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Georgian foreign agent law passes first committee amidst protests and blows in parliament

16 April 2024
Protesters against Georgia’s draft foreign agent law on 15 April 2024. Photo: Mariam Nikuradze/OC Media.

The Georgian Parliament’s Legal Affairs Committee has greenlit the controversial foreign agent bill, amidst chaos in parliament and protests outside.

The Committee finally voted to advance the bill late on Monday night, as tens of thousands of protesters gathered outside parliament.

Protests began from early morning with several hundred people, growing to tens of thousands by evening. While riot police cordoned off the sides of parliament and had water cannons and sonic weapons on standby, the protests remained largely peaceful.

Riot police prevented protesters from approaching the entrances to parliament on Monday evening. Photo: Mariam Nikuradze/OC Media.

Georgian Dream announced they were bringing the bill back on 3 April, a year after being forced to drop it amidst mass street protests. At the time, the government promised not to revive the law.

On Monday night, the Ministry of Internal Affairs reported that one police officer was injured during the protests and that 14 protesters were detained.

The debates in the committee hearing saw chaotic scenes. 

At one stage, Aleko Elisashvili, the leader of the opposition Citizens Party, punched Georgian Dream’s parliamentary leader, Mamuka Mdinaradze in the face. He was then set upon and beaten by a group of Georgian Deam MPs, before being ejected by parliament guards. Parliament immediately shut down its stream of the committee session after the incident.


After leaving parliament, Elisashvili was greeted with cheers and hugs from protesters outside. 


Throughout the session, at least nine opposition MPs, including Levan Khabeishvili, the chair of the opposition United National Movement, were ejected from the committee session. The head of the committee, Anri Okhanashvili, also repeatedly cut off the microphones of opposition MPs for being ‘disruptive’ or for calling the bill a ‘Russian law’.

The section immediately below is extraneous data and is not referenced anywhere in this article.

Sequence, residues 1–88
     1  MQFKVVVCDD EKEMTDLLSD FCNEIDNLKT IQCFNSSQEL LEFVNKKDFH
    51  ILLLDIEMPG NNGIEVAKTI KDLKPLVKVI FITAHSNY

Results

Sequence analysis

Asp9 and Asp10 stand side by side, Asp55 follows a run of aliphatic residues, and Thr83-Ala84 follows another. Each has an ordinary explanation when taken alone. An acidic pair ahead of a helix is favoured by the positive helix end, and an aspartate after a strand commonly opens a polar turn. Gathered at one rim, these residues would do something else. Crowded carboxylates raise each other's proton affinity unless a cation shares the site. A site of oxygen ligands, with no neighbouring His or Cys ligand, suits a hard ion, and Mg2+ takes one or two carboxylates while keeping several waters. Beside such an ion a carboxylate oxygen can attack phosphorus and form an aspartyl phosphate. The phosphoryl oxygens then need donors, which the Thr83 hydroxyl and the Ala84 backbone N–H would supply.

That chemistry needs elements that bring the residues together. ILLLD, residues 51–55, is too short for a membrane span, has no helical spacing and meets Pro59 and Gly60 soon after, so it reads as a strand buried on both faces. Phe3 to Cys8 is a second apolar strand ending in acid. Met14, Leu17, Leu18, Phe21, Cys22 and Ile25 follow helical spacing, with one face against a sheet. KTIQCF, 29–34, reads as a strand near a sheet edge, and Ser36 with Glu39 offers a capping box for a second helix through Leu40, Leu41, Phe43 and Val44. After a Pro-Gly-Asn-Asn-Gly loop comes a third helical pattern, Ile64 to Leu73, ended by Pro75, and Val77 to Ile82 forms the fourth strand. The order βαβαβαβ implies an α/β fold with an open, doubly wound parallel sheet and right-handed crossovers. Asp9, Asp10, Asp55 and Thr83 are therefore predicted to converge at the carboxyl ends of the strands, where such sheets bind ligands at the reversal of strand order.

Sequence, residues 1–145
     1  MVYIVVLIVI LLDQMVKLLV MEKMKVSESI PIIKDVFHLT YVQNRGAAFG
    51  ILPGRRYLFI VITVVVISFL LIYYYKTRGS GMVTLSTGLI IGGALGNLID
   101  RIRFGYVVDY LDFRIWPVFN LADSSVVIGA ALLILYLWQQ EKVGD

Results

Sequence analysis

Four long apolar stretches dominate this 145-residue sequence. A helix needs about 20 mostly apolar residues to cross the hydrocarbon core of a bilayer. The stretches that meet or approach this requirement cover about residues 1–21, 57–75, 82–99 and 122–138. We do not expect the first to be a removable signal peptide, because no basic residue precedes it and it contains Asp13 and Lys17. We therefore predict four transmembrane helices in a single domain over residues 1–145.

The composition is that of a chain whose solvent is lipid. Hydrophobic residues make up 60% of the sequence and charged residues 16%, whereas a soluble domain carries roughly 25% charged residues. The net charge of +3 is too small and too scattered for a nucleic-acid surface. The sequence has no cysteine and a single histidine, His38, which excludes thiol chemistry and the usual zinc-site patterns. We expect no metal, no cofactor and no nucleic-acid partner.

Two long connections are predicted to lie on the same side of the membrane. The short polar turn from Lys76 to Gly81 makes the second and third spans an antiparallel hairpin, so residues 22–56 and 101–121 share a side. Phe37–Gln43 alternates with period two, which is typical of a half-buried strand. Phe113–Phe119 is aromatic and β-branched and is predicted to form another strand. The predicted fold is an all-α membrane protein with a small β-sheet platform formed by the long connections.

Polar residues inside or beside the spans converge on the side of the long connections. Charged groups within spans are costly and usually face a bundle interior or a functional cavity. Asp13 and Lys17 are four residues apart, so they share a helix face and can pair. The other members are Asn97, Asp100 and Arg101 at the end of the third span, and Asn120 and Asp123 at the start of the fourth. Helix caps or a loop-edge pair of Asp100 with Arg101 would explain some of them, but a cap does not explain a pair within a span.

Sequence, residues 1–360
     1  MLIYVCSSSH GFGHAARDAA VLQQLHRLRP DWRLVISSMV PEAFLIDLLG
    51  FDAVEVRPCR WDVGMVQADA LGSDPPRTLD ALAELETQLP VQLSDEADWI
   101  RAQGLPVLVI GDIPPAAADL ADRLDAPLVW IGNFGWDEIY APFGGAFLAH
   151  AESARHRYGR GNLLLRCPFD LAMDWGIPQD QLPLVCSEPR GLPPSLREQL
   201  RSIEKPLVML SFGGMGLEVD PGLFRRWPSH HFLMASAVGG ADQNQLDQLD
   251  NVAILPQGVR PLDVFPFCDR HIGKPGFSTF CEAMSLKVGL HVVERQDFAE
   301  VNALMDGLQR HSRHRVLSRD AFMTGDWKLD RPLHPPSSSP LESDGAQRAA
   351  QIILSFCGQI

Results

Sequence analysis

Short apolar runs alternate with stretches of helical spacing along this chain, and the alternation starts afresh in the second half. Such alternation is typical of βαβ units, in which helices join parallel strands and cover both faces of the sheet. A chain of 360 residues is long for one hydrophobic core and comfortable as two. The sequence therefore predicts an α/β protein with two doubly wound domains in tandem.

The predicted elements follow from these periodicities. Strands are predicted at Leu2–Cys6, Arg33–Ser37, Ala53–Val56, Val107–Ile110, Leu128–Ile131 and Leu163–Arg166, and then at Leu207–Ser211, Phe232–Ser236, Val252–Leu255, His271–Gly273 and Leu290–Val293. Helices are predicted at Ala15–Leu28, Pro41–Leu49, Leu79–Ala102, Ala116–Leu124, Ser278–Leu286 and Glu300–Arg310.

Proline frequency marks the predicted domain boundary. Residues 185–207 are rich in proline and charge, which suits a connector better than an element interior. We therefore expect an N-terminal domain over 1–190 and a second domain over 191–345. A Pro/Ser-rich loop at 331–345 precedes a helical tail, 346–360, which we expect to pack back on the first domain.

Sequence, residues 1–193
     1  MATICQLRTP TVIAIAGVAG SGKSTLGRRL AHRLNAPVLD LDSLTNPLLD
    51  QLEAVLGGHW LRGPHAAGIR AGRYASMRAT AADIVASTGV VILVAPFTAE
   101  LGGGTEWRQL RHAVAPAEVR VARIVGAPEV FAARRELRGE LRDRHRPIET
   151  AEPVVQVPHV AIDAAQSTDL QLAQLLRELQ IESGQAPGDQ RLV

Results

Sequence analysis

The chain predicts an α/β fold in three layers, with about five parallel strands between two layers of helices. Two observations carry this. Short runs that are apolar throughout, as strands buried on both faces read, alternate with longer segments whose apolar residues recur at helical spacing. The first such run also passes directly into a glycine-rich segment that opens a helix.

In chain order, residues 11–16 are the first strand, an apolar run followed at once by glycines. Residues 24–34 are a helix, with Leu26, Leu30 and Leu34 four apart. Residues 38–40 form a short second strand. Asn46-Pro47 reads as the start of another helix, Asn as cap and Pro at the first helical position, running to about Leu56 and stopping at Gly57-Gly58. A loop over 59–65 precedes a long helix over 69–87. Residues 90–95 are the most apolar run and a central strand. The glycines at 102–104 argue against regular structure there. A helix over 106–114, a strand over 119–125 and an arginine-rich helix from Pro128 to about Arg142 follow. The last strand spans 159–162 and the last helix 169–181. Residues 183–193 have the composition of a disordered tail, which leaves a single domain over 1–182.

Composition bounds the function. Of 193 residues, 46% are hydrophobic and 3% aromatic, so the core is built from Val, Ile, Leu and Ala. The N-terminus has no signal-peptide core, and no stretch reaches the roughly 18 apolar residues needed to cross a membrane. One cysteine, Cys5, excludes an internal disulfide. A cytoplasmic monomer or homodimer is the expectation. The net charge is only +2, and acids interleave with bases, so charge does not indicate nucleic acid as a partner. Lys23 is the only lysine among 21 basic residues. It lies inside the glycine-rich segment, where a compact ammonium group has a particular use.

On Sunday, Speaker of the Parliament Shalva Papuashvili issued a statement barring online media outlets including OC Media from entering parliament to cover the committee hearings. 

The law has seen widespread condemnation from local and international rights groups and from Western countries and institutions. 

On Monday, the Ambassadors of the EU, US, and UK met with Prime Minister Irakli Kobakhidze to discuss the law. They did not provide details of the conversation.

Hundreds of protesters brought the flag of Europe to the demonstration. The EU has made clear the law’s passage could undermine Georgia’s membership bid. Photo: Mariam Nikuradze/OC Media.
Tens of thousands gathered to protest the law. Photo: Mariam Nikuradze/OC Media.

Georgia’s foreign agent law, dubbed by protesters the ‘Russian law’, would label any civil society or media organisation that received at least 20% of its funding from outside Georgia ‘organisations carrying out the interests of a foreign power’. Such organisations would be subject to ‘monitoring’ by the Ministry of Justice every six months, which lawyers have warned could include forcing them to hand over internal communications and confidential sources. Organisations that do not comply would be subject to large fines.

The law has been dubbed the ‘Russian Law’ by critics in Georgia due to its similarity to legislation used to crush civil society and independent media in Russia.

Read in Armenian on CivilNet.